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NHS trusts urge people to ‘use services wisely’ over next few days

NHS leaders across the country are urging people to “use services wisely” over the weekend as hospitals brace themselves for another round of industrial action.

Tens of thousands of junior doctors in England will stage a four day strike from 7am on Friday until 7am on Tuesday. It is the ninth round of industrial action in the ongoing pay dispute between NHS staff and the Government.

Junior doctors are staging their fifth strike, meaning services have seen more than 450 hours without a third of the medical workforce over the last five months – the equivalent of 19 full days. NHS performance data out on Thursday is expected to show the worsening impact of the dispute with the overall waiting list for treatment in England expected to have risen again to more than 7.5 million people.

Trust leaders said resources will be prioritised to protect emergency treatment, critical care, neonatal care and trauma, as well as patients who have waited the longest for elective care and cancer surgery. Urgent and emergency care services will be open during the industrial action period and people are urged to still call 999 or attend A&E services in the event of “life or limb threatening emergency”.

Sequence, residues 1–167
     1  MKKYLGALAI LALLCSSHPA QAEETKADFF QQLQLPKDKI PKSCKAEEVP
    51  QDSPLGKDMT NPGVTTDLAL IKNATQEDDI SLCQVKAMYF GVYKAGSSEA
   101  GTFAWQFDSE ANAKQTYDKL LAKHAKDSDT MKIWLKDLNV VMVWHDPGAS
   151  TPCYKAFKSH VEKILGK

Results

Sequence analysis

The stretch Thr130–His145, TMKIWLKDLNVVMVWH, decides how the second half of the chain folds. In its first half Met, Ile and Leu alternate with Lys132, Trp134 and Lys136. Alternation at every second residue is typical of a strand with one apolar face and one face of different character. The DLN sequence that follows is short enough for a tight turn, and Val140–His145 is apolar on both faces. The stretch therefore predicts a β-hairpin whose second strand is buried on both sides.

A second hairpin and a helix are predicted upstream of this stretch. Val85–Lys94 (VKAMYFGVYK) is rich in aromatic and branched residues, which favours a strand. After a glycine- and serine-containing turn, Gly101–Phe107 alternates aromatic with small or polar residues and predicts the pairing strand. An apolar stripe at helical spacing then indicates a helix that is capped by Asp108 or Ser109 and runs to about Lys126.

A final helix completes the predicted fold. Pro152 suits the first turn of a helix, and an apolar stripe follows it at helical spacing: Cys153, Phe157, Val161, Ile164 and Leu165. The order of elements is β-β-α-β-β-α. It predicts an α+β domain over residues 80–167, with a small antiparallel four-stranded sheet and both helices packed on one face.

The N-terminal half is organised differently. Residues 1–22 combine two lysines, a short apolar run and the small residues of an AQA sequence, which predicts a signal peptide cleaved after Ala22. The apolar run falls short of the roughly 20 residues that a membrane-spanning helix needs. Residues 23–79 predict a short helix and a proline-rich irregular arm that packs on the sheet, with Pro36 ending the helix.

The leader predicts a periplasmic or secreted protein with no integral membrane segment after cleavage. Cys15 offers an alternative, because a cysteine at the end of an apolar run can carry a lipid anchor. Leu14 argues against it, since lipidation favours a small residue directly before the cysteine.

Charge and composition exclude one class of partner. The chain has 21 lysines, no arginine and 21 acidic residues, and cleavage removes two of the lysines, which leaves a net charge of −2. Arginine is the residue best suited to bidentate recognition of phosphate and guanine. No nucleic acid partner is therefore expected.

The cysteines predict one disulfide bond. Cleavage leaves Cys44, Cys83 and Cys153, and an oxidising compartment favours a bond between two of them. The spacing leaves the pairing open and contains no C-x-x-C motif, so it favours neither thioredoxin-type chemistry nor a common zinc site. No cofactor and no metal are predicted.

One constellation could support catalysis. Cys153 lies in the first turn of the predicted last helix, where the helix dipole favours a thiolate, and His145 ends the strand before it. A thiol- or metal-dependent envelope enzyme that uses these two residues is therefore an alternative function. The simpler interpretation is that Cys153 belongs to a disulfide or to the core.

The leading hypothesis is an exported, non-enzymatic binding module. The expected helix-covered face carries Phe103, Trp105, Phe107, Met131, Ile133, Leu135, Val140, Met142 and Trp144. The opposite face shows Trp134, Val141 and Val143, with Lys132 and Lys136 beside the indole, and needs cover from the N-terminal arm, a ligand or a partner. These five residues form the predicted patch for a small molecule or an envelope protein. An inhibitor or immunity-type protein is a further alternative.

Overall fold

The UK’s leading heart and lung hospital, the Royal Papworth in Cambridge, was among many trusts which issued alerts to the public on Wednesday reminding people it has a reduced number of appointments over the next few days “to ensure patient safety during junior doctor strike action”. The hospital added: “If we have not contacted you, please attend your appointment as planned.”

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NHS Derby and Derbyshire said it expected “another period of significant disruption this week”, with potentially appointments and procedures postponed across the county due to the latest round of industrial action by junior doctors.

The Integrated Care Board said: “Please use health services wisely during industrial action and take simple steps to help ensure care is available to those who need it most.”

The British Medical Association (BMA) is campaigning for pay restoration citing a 26 per cent fall in real-terms pay since 2008. The Government recently announced a pay rise for junior doctors of 6 per cent plus a permanent £1,250 rise. Because of the different pay scales at different stages of training, this works out at an average pay rise of around 8.8 per cent – at least 8.1 per cent and up to 10.3 per cent depending on where they are in their training. The BMA has dismissed the offer which ministers say is final.

Meanwhile, radiographers in Northern Ireland are being balloted for strikes in the ongoing pay dispute in the health service. The Society of Radiographers said almost 1,000 of its members will vote in the coming weeks as part of a campaign to secure improvements to pay and conditions.

The society said nine out of 10 patients in Health and Social Care Northern Ireland are supported by a radiography professional but too few radiographers are being recruited or retained. As a result, more than 173,000 people are waiting for a diagnostic appointment – delaying vital diagnosis and treatment, said the society.

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